By Startup Lithuania and Blockchain Centre Vilnius; Photos by Darius Kučys.
Over the last ten years, Lithuanian startup businesses have raised over 150 million euros. Compare that to the 500 million raised through Initial Coin Offerings (ICOs) in Lithuania in the last 18 months and you start to understand that Lithuania is definitely doing something right.
In fact, the amount raised in 2017 through ICOs here in Lithuania is the third largest amount on the planet behind the United States and China. It’s a country with a population less than a third of the size of New York.
Blockchain projects based in Lithuania raising capital through token sales or ICOs have been the driver behind this boom, but years of research, development, and investment in the Financial Technologies sector prior to this provided the foundation for such a quick take up and acceptance of the technology. Lithuanians as a nation of young fintech interpreters are using token sales as a way to raise startup capital to provide innovative services and products worldwide.
How does blockchain help to raise all this capital? Companies building their product or service on blockchain can offer tokens or coins to investors that can later be used inside the ecosystem through different means: discounts, access tokens, gift vouchers, product and service payments. An initial coin offering (ICO) is a means of crowdfunding centered around cryptocurrency, which can be a source of capital for startup companies. In an ICO, a quantity of the crowdfunded cryptocurrency is sold to investors in the form of “tokens”, in exchange for legal tender or other cryptocurrencies such as Bitcoin or Ethereum. These tokens are then intended to become functional units of currency if or when the ICO’s funding goal is met and the project launches.
It has become increasingly important to build credibility before launching any attempt at fundraising, and this process has been made easier as Lithuania has focussed on legal and regulatory framework knowledge and implementation. Key figures such as the Lithuanian Minister of Finance Vilius Sapoka have played a huge role in the speedy adaptation of the technology. Ensuring these aspects are clearly defined and communicated has meant companies are compliant and working with the right regulations and this, in turn, has given investors confidence. Official statistics show 35 Initial Coin Offerings ranging from $3million to $151 million were born in Lithuania in 2017, raising a total of $500 million in value.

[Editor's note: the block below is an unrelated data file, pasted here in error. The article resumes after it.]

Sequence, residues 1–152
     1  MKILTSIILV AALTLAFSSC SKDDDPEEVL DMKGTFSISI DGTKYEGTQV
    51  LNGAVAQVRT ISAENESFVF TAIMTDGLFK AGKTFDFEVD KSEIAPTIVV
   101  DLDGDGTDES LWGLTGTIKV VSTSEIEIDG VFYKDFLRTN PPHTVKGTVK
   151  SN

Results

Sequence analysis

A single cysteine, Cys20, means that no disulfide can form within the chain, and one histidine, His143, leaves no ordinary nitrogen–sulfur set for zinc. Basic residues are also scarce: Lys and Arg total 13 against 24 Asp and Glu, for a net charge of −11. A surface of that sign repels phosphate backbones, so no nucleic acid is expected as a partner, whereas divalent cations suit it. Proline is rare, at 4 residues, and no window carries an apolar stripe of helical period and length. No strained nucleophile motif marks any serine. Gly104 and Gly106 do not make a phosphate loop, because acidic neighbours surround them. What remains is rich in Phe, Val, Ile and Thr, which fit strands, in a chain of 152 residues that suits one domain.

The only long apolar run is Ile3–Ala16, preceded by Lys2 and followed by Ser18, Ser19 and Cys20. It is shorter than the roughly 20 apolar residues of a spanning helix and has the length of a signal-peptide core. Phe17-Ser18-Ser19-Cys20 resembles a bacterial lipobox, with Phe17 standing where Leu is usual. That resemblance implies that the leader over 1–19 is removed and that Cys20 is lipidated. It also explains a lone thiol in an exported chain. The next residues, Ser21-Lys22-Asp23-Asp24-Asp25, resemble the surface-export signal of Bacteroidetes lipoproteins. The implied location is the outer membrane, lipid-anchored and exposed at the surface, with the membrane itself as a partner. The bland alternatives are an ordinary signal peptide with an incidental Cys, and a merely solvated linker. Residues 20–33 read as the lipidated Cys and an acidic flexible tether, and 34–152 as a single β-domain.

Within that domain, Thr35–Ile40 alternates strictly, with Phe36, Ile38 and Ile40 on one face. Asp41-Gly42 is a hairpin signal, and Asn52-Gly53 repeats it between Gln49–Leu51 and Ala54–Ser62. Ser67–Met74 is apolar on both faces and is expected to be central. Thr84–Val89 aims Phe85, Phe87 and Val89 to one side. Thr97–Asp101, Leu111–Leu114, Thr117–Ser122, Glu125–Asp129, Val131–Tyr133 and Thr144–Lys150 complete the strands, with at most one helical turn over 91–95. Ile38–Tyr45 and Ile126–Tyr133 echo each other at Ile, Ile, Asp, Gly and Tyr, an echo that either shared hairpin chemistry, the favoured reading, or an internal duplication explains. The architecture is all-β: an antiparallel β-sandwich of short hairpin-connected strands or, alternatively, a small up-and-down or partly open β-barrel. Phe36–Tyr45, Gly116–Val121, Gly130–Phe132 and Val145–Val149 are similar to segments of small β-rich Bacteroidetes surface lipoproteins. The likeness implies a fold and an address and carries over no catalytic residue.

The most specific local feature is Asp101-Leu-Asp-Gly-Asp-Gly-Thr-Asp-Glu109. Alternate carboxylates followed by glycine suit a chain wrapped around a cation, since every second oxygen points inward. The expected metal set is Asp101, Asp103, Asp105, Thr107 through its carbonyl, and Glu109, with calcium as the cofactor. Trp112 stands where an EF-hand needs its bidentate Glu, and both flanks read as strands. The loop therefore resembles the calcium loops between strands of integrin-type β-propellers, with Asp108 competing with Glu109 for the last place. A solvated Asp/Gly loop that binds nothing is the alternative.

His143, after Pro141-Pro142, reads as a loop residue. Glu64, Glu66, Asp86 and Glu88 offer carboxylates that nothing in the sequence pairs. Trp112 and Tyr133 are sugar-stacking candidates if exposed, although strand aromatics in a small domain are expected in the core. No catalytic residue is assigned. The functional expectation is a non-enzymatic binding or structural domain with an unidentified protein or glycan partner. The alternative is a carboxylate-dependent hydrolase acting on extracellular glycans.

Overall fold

“Having the ability to respond and act quickly is definitely a positive not afforded to larger countries with bigger populations and an inherent slower pace of adoption and regulation. Here the adoption and implementation seem very feasible.” Ian Kane – Blockchain Centre Vilnius
The Baltic states in particular Lithuania and Estonia seem to be grasping these technologies quicker than most of their neighbours and are showing a lot of positivity within this emerging economy. The regulatory conditions, ease of doing business and speed at which a license can be obtained have all been major reasons for this boom period and merchants and services are starting to pop up all over the country. There have also been some huge success stories from homegrown startups such as Lympo.io who recently announced the world’s number 2 ranked tennis player Caroline Wozniacki as a brand ambassador after successfully raising 14625 Ether which was valued on 8 May 2018 at almost $11 million.
The opening of a dedicated Blockchain Centre in Vilnius has been a big accelerator in the adoption of the technology and has given those wishing to pursue startups and blockchain projects access to global investors and mentors, a place to meet, work and network. The centre has become a focal point for starting meaningful conversations between stakeholders and has been very proactive in bringing together business leaders and politicians in order to speed up decision making and attract more foreign investment to the country.
Meeting is just the beginning. We must nurture these relationships and explore all possible angles. It’s easy to talk – not so easy to act. We are providing the platform for these conversations and understand Lithuania is a small market and that any active entrepreneur wanting to succeed here needs to work globally.
Egle Nemeikstyte – CEO, Blockchain Centre Vilnius
Whereas some countries and regulators have viewed cryptocurrencies and the underlying blockchain technology with open arms, others have condemned it and labeled it as disruptive and unregulated. Lithuania is certainly a country that has welcomed it with open arms and sees it as a way to boost the growing economy even more. A conviction to lead and drive forward the technology has brought an abundance of attention to Lithuania and only time will really tell if that energy has been wisely invested.